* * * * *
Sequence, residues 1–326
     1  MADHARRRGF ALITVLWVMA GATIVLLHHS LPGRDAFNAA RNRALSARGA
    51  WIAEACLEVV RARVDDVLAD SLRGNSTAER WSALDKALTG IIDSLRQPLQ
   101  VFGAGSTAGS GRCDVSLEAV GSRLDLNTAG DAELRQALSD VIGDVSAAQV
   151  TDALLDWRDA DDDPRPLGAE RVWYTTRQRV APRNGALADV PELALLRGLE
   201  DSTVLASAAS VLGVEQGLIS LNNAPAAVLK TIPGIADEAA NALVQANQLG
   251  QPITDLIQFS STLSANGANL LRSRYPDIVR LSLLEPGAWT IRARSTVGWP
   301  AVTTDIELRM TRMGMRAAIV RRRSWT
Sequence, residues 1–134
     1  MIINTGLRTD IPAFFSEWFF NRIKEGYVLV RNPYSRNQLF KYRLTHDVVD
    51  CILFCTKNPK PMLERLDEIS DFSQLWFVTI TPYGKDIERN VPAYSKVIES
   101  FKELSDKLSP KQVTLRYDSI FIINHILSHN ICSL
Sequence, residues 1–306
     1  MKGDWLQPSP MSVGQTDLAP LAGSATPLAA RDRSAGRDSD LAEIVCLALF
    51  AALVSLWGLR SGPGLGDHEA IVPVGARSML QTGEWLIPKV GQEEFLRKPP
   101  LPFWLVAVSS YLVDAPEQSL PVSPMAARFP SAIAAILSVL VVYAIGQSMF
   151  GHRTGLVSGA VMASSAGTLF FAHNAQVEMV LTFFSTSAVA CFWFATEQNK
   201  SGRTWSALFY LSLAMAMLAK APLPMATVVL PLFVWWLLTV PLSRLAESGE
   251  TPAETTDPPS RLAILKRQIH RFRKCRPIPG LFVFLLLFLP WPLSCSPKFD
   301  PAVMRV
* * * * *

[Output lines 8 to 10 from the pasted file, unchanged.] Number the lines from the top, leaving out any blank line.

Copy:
   301  AVTTDIELRM TRMGMRAAIV RRRSWT
Sequence, residues 1–134
     1  MIINTGLRTD IPAFFSEWFF NRIKEGYVLV RNPYSRNQLF KYRLTHDVVD